Santa Fe Institute
Stanislaw Ulam Memorial Lecture Series with Lauren Ancel Meyers. Lecture 2 of 2
Infectious disease outbreaks often emerge when and where we are least equipped to detect and control them. Over recent years, public health agencies have raced to prevent the global expansion of Ebola from Africa, Zika from South America and avian influenza from Asia. Digital disease detection–the use of social media and Internet search data to track outbreaks–may buy us life-saving time. Tweets, blogs and Wikipedia hits can reveal what’s ailing the world’s population more rapidly and at higher geographic resolution than official surveillance systems.
In the second of two lectures, Lauren Ancel Meyers takes us to the frontiers of influenza forecasting. Public health agencies struggle to predict seasonal epidemics and select the right virus strains for annual vaccines. Anticipating when and where a more deadly influenza pandemic might emerge is even more difficult. By leveraging network models and a growing ecosystem of health, social media and molecular data, scientists are chipping away at these critical challenges and confronting potentially insurmountable limits to predictability.
These two lectures are self-contained and can be enjoyed together or separately.
Lauren Ancel Meyers is Professor of Integrative Biology at The University of Texas at Austin, and a member of the External Faculty and Science Board of the Santa Fe Institute. She was trained as a mathematical biologist at Harvard and Stanford, and her research foci include network epidemiology, optimization of infectious disease surveillance and control, and translational tools for public health.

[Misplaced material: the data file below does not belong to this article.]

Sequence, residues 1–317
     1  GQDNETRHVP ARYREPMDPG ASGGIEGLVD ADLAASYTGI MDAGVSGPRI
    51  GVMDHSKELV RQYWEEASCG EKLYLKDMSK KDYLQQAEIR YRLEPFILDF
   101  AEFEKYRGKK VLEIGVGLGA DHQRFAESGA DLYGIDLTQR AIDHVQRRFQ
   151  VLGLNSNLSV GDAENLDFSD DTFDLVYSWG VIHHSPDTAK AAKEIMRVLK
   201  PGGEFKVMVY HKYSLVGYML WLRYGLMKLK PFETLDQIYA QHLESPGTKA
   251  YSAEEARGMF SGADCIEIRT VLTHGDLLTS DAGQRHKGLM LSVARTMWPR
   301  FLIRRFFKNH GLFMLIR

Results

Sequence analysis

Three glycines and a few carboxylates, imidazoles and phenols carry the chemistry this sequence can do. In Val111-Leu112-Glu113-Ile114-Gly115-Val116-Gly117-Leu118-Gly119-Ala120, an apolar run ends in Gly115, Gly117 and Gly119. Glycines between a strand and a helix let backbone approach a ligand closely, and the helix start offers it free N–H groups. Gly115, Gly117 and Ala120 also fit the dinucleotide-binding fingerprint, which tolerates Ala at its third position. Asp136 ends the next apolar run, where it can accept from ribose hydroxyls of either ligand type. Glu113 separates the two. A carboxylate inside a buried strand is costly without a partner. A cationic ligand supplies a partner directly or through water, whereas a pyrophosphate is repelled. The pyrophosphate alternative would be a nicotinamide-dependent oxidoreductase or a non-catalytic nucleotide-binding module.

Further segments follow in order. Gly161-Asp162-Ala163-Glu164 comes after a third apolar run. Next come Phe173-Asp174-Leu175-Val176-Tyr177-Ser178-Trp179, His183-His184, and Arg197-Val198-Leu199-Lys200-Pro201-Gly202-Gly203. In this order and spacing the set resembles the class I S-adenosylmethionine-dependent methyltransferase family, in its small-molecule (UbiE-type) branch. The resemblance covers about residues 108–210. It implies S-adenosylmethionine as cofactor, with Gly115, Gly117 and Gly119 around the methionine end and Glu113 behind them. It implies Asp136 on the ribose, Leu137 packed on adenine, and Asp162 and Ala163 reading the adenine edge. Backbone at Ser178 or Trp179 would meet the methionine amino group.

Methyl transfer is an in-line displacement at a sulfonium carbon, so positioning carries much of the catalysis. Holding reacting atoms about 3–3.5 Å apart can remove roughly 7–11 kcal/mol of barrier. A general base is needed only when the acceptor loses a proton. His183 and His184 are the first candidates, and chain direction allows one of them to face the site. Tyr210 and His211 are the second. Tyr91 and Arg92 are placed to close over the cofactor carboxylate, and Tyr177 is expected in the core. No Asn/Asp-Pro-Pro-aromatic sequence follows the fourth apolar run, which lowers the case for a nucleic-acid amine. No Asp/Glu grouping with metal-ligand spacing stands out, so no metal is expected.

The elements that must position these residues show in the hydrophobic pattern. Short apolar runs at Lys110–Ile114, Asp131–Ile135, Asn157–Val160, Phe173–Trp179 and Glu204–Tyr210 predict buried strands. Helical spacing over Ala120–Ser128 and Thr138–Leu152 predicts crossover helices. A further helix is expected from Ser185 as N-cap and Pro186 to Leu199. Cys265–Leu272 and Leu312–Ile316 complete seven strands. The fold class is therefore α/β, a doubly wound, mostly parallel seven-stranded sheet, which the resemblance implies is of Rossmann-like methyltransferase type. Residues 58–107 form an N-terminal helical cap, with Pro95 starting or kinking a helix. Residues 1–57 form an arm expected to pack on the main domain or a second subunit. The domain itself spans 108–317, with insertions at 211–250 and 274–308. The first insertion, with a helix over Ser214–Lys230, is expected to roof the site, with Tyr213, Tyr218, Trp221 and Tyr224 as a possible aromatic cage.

She has lead an interdisciplinary team of scientists, engineers, social scientists and public health professionals in uncovering the sociological and biological drivers of influenza transmission, improving disease control policies for influenza and HIV, redesigning disease surveillance systems to harness next-generation data, and creating decision-support software for the Centers for Disease Control and Prevention (CDC), Association of Public Health Labs (APHL), Defense Threat Reduction Agency (DTRA) and Texas Department of State Health Services (DSHS).
The Wall Street Journal, Newsweek, the BBC, and other news sources have highlighted her work; and she has provided scientific expertise for government agencies, including the CDC, Institute of Medicine (IOM), Biomedical Advanced Research and Development Authority (BARDA), and US National Intelligence Council. In 2004, Ancel Meyers was named by the MIT Technology Review as one of the top 100 global innovators under age 35.
Tickets are free, general admission